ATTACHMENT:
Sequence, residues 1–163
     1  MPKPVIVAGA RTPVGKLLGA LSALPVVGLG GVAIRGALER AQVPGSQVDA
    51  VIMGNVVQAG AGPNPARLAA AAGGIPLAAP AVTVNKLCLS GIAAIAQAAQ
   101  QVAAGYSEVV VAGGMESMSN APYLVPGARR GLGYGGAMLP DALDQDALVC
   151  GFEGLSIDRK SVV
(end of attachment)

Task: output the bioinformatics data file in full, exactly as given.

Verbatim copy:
Sequence, residues 1–163
     1  MPKPVIVAGA RTPVGKLLGA LSALPVVGLG GVAIRGALER AQVPGSQVDA
    51  VIMGNVVQAG AGPNPARLAA AAGGIPLAAP AVTVNKLCLS GIAAIAQAAQ
   101  QVAAGYSEVV VAGGMESMSN APYLVPGARR GLGYGGAMLP DALDQDALVC
   151  GFEGLSIDRK SVV